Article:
Additionally, each operator of a pipeline facility (except master meter operators) must document the justification if it plans to deviate from a provision of the RPs. PHMSA expects 10 percent of the affected community (approx. 12 operators) will make these deviations each year. PHMSA believes it will take operators 8 hours to complete such documentation. This includes the time to gather and draft the information necessary for sufficiently demonstrating that compliance with a RP is not practicable and not necessary for safety with respect to specified underground storage facilities or equipment. This also includes the time necessary to have any deviation technically reviewed and documented by a subject matter expert to ensure there will be no adverse impact on design, construction, operations, maintenance, integrity, emergency preparedness and response, and overall safety; the time to have the deviation dated and approved by a senior executive officer, vice president, or higher office with responsibility of the underground natural gas storage facility; and the time to incorporate such deviations into the operator's program or procedural manual. This will result in an annual burden of 12 responses and 96 hours for this provision and an overall burden increase of 136 responses and 220 hours (124 hours for general recordkeeping + 96 hours to document deviations) for this information collection.
Affected Public: Operators of Underground Natural Gas Storage Facilities.
Annual Reporting and Recordkeeping Burden:
Total Annual Responses: 12,436.
Total Annual Burden Hours: 940,674.
Frequency of Collection: Annual.
2. Title: Reporting Safety-Related Conditions on Gas, Hazardous Liquid, and Carbon Dioxide Pipelines and Liquefied Natural Gas Facilities.
OMB Control Number: 2137-0578.
Current Expiration Date: 07/31/2017.
Abstract: Each operator of a pipeline facility (except master meter operators) must submit to DOT a written report on any safety-related condition that causes or has caused a significant change or restriction in the operation of a pipeline facility or a condition that is a hazard to life, property or the environment. See 49 U.S.C. 60102. Based on the proposed revisions in this rule, the burden associated with this information collection is increasing by 4 responses and 24 burden hours.
Affected Public: Operators of Underground Natural Gas Storage Facilities.
Annual Reporting and Recordkeeping Burden:
Total Annual Responses: 146.
Total Annual Burden Hours: 876.
Frequency of Collection: On occasion.
3. Title: Incident and Annual Reports for Gas Pipeline Operators.
OMB Control Number: 2137-0522.
Current Expiration Date: 10/31/2017
Abstract: This information collection covers the collection of information from Gas pipeline operators for Incidents and Annual reports. Based on the proposals in the rule the burden associated with this information collection will increase by 128 responses (124 annual report submissions and 4 incident report submissions). PHMSA expects each of the 124 operators who submit the annual report to spend eight (8) hours completing this form, including the time for reviewing instructions, gathering the data needed, and completing and reviewing the collection of information, for an overall burden of 992 hours for annual report submissions. Based on current reporting trends, PHMSA expects to receive four (4) incident reports per year from operators of underground storage facilities. PHMSA expects operators who are required to submit an incident report to spend 10 hours per submission resulting in a burden of 40 hours for incident reporting. These two requirements, combined, will result in an overall burden increase of 128 responses and 1,032 burden hours.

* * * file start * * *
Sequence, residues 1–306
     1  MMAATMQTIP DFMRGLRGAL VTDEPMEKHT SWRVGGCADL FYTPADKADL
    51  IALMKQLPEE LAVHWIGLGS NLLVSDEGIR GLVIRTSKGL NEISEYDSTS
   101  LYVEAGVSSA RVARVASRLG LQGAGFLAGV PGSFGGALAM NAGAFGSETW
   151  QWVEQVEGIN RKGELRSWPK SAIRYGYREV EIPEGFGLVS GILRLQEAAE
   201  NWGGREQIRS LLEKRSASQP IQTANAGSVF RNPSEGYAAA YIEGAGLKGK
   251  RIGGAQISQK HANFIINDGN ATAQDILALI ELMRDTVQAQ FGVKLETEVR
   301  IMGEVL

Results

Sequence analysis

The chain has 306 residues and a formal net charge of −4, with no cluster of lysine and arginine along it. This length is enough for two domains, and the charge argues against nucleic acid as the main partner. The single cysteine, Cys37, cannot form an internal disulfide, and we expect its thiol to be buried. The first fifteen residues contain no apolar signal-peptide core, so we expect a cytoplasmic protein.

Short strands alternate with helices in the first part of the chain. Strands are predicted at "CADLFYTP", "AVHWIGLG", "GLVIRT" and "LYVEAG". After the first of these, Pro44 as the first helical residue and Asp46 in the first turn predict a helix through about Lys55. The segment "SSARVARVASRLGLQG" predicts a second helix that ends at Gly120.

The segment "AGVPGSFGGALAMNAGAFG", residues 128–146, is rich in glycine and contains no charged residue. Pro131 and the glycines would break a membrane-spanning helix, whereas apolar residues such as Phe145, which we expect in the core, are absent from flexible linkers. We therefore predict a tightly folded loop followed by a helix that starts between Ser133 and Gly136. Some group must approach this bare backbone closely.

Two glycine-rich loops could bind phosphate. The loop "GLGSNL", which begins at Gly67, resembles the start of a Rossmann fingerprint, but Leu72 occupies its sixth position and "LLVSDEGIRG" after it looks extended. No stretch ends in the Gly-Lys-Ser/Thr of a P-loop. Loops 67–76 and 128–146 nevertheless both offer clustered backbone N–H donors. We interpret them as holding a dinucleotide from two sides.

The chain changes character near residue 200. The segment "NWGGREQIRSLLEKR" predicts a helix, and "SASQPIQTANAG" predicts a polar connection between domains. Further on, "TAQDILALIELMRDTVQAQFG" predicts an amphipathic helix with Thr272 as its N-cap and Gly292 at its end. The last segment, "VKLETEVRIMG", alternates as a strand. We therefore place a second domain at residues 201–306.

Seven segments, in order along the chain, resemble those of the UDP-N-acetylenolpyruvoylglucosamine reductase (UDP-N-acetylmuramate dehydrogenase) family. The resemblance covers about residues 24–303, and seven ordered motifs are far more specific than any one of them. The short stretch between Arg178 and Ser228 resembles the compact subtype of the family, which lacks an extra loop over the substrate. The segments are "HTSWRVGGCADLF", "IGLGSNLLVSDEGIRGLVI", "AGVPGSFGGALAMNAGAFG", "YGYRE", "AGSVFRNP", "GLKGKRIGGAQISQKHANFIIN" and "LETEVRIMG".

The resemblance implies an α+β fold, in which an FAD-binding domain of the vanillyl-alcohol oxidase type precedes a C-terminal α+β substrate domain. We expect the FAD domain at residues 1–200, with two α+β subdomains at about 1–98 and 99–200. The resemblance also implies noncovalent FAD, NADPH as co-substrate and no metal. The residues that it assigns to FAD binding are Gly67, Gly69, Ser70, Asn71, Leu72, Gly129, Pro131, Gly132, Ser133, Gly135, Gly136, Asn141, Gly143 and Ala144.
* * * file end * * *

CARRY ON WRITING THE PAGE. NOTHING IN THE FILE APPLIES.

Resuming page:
Affected Public: Operators of Underground Natural Gas Storage Facilities.
Annual Reporting and Recordkeeping Burden:
Total Annual Responses: 12,292.
Total Annual Burden Hours: 93,353.
Frequency of Collection: On occasion.
4. Title: National Registry of Pipeline and Liquefied Natural Gas (LNG) Operators.
OMB Control Number: 2137-0627.
Current Expiration Date: 5/31/2018.
Abstract: The National Registry of Pipeline and LNG Operators serves as the storehouse for the reporting Start Printed Page 91870requirements for an operator regulated or subject to reporting requirements under 49 CFR part 192, 193, or 195. This registry incorporates the use of two forms. The forms for assigning and maintaining OPID information are the Operator Assignment Request Form (PHMSA F 1000.1) and National Registry Notification Form (PHMSA F 1000.2). Based on the proposals in this IFR this information collection will increase by 49 responses and 49 burden hours.
Affected Public: Operators of Underground Natural Gas Storage Facilities.
Annual Reporting and Recordkeeping Burden:
Total Annual Responses: 679.
Total Annual Burden Hours: 679.
Frequency of Collection: On occasion.
Requests for copies of these information collections should be directed to Angela Dow or Cameron Satterthwaite, Office of Pipeline Safety (PHP-30), Pipeline Hazardous Materials Safety Administration (PHMSA), 2nd Floor, 1200 New Jersey Avenue, SE., Washington, DC 20590-0001, Telephone (202) 366-4595.
Comments are invited on:
(a) The need for the proposed collection of information for the proper performance of the functions of the agency, including whether the information will have practical utility;
(b) The accuracy of the agency's estimate of the burden of the revised collection of information, including the validity of the methodology and assumptions used;
(c) Ways to enhance the quality, utility, and clarity of the information to be collected; and
(d) Ways to minimize the burden of the collection of information on those who are to respond, including the use of appropriate automated, electronic, mechanical, or other technological collection techniques.